The Time Donald Trump tried to become a baseball mogul

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Last year, as Donald Trump’s campaign was gaining steam, some baseball old timers recalled stories of how, in the 1980s, he tried to buy the Cleveland Indians and, on occasion, was rumored to be in the running to buy other teams. That obviously never happened — as we’ve learned, Trump talks big about a lot of things he has no intention and no ability to do — but back in the 80s people took Trump’s word a lot more seriously than we’ve learned to do today.

One thing I had no memory of at all, however, was Trump’s plan, such as it was, to make an entire rival baseball leagueDeadspin has the story on that and it’s a great read, as well as being a great walk through late 1980s baseball history.

Back then Washington didn’t have a team, of course, and Trump got headlines by, well, trumping up claims that he was going to bring baseball back to D.C. He got other businessmen to agree, at least provisionally, to buy in with franchises in other cities that were underserved by Major League Baseball at the time. Portland, Denver and Miami were the most notable, but other places like Hartford and Columbus, Ohio as well. The idea was to begin play in 1990.

The plan was supported by Don Fehr, then the Executive Director of the MLBPA, probably because it provided his union — which was entering Collective Bargaining Agreement negotiations with MLB that winter — leverage. Trump’s public statements and some carefully-cultivated press also gave the number one overall draft pick that year, Ben McDonald, and his agent, Scott Boras, some leverage in extracting the then-largest ever signing bonus out of the Baltimore Orioles. For a brief period of time, everyone was taking Trump seriously.

And then, of course, there was no followthrough. Trump called a meeting of all potential owners at Trump Tower and he didn’t even bother to show up, leaving a bunch of his would-be partners dangling and angry. All mention in the press of it died and the idea of a baseball league to rival Major League Baseball unceremoniously petered out. Within a year he’d file his first bankruptcy and enter a period when he was more famous for being a minor celebrity than for being a serious businessman.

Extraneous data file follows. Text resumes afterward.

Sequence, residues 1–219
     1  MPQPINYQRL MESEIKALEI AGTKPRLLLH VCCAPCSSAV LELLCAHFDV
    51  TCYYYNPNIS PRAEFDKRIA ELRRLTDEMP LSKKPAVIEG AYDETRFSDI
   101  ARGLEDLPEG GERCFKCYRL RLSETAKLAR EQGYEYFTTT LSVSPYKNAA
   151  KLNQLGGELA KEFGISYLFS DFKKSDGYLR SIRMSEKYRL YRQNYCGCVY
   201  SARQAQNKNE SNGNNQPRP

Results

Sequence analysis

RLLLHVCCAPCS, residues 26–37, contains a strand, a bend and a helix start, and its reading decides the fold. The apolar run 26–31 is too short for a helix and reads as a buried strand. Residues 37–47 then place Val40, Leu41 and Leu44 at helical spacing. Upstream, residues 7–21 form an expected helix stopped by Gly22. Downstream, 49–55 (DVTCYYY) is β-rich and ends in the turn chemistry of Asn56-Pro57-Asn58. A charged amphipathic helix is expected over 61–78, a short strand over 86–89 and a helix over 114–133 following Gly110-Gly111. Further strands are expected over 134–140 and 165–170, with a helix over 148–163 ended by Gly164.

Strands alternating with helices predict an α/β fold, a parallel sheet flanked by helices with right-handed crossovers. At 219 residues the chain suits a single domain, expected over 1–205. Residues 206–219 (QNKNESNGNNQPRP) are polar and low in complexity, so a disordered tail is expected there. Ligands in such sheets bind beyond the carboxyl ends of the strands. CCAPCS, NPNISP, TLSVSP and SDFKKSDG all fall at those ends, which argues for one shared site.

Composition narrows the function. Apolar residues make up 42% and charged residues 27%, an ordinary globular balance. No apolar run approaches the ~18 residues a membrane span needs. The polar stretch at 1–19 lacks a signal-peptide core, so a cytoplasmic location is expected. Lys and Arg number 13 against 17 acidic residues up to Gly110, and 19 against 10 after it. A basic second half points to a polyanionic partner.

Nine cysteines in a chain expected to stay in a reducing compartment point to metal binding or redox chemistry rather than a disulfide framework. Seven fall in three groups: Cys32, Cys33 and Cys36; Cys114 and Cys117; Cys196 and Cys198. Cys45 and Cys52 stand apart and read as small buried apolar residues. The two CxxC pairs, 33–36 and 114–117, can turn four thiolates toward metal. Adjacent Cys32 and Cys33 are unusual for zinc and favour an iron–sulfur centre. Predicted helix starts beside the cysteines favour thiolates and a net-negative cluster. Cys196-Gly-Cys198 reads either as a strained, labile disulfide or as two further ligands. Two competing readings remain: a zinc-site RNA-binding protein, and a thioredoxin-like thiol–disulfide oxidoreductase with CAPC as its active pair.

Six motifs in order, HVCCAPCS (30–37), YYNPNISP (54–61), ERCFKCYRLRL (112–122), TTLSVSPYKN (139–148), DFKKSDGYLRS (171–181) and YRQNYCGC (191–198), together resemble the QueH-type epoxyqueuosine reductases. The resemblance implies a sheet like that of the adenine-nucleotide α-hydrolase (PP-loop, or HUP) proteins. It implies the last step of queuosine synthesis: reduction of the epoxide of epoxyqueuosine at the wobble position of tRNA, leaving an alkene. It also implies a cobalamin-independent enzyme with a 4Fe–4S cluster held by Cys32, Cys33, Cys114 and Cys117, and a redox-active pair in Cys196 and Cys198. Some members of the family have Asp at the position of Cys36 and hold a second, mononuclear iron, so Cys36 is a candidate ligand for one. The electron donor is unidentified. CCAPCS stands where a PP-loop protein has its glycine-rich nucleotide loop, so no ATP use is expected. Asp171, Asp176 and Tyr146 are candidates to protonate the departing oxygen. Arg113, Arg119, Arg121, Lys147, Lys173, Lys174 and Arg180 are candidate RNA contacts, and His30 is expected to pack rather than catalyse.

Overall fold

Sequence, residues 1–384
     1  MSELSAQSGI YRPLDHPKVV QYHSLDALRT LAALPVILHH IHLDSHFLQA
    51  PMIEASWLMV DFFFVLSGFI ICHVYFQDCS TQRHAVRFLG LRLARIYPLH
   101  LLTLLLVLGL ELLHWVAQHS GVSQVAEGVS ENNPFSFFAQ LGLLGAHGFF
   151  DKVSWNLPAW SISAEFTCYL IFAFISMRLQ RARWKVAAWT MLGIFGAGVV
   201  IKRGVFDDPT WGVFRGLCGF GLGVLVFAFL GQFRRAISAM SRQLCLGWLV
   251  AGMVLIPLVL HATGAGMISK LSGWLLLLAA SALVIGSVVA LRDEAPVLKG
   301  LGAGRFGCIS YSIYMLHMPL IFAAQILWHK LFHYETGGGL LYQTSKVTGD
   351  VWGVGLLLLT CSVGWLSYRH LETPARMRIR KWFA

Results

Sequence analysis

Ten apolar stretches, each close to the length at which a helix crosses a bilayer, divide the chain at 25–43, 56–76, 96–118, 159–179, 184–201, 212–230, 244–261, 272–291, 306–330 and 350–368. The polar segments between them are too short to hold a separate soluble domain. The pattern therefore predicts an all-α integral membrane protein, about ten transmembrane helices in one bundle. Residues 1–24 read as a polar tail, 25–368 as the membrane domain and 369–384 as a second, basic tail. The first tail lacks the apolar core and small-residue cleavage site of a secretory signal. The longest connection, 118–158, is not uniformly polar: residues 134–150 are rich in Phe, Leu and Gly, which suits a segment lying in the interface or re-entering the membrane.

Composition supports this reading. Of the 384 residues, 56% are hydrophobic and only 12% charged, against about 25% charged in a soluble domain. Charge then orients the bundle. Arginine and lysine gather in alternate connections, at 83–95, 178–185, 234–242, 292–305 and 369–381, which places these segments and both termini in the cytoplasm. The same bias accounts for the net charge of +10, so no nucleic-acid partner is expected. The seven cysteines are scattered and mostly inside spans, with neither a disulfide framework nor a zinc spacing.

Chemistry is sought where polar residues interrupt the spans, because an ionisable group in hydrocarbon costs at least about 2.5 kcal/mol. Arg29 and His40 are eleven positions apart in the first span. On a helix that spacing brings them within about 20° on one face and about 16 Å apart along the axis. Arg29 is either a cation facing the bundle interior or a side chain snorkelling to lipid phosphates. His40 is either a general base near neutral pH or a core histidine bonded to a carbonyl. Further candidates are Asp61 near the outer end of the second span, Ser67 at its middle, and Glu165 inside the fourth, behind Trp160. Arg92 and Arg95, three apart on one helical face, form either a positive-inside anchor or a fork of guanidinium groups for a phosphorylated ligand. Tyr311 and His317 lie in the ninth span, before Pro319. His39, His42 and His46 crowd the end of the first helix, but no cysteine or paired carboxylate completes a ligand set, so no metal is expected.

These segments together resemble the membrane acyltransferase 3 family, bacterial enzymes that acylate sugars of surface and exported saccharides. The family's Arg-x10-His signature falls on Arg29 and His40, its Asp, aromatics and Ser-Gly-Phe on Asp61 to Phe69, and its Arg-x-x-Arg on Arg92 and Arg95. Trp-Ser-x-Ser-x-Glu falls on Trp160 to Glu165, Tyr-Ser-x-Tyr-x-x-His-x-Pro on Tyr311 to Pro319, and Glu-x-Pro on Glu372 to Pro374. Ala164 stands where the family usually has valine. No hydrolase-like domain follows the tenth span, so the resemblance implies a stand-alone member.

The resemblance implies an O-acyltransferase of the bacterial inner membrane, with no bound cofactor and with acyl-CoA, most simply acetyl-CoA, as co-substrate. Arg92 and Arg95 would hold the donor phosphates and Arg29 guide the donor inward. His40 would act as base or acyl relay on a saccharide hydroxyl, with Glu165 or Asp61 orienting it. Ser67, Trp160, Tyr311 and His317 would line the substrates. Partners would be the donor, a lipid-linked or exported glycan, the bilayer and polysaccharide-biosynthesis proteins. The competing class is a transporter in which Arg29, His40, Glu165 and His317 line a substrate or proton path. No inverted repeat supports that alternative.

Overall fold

It’s a fantastic story, which I highly recommend. If you told me this story a few years back, I’d say that we all dodged a bullet by Trump not getting involved in the baseball business. In light of more recent events, however, I’m wondering how much of a shot we’ve all taken by him not succeeding in baseball, which may have kept him otherwise occupied.

Fried, Braves go to salary arbitration for 2nd straight year

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ST. PETERSBURG, Fla. — Pitcher Max Fried went to salary arbitration with the Atlanta Braves for the second straight year, asking for $15 million instead of the team’s $13.5 million offer.

The 29-year-old left-hander went 14-7 for the second straight season and lowered his ERA to 2.48 from 3.04 in 2021. Fried was a first-time All-Star last season, was second to Miami’s Sandy Alcantara in Cy Young Award voting and was third in the National League in ERA behind Alcantara and Julio Urias with the Los Angeles Dodgers.

Fried won a $6.85 million salary last year instead of the team’s $6.6 million proposal in arbitration. That was after he pitched six shutout innings in World Series Game 6 as the Braves won their first title since 1995.

Fried, who is eligible for free agency after the 2024 World Series, had his case heard Friday by a panel that’s expected to issue a decision Saturday.

Players have won two of three decisions so far: Pitcher Jesus Luzardo ($2.45 million) and AL batting champion Luis Arraez ($6.1 million) both beat the Miami Marlins. But Seattle defeated Diego Castillo ($2.95 million).

A decision is being held for Los Angeles Angels outfielder Hunter Renfroe, whose case was argued Monday. About 20 more cases are scheduled through Feb. 17.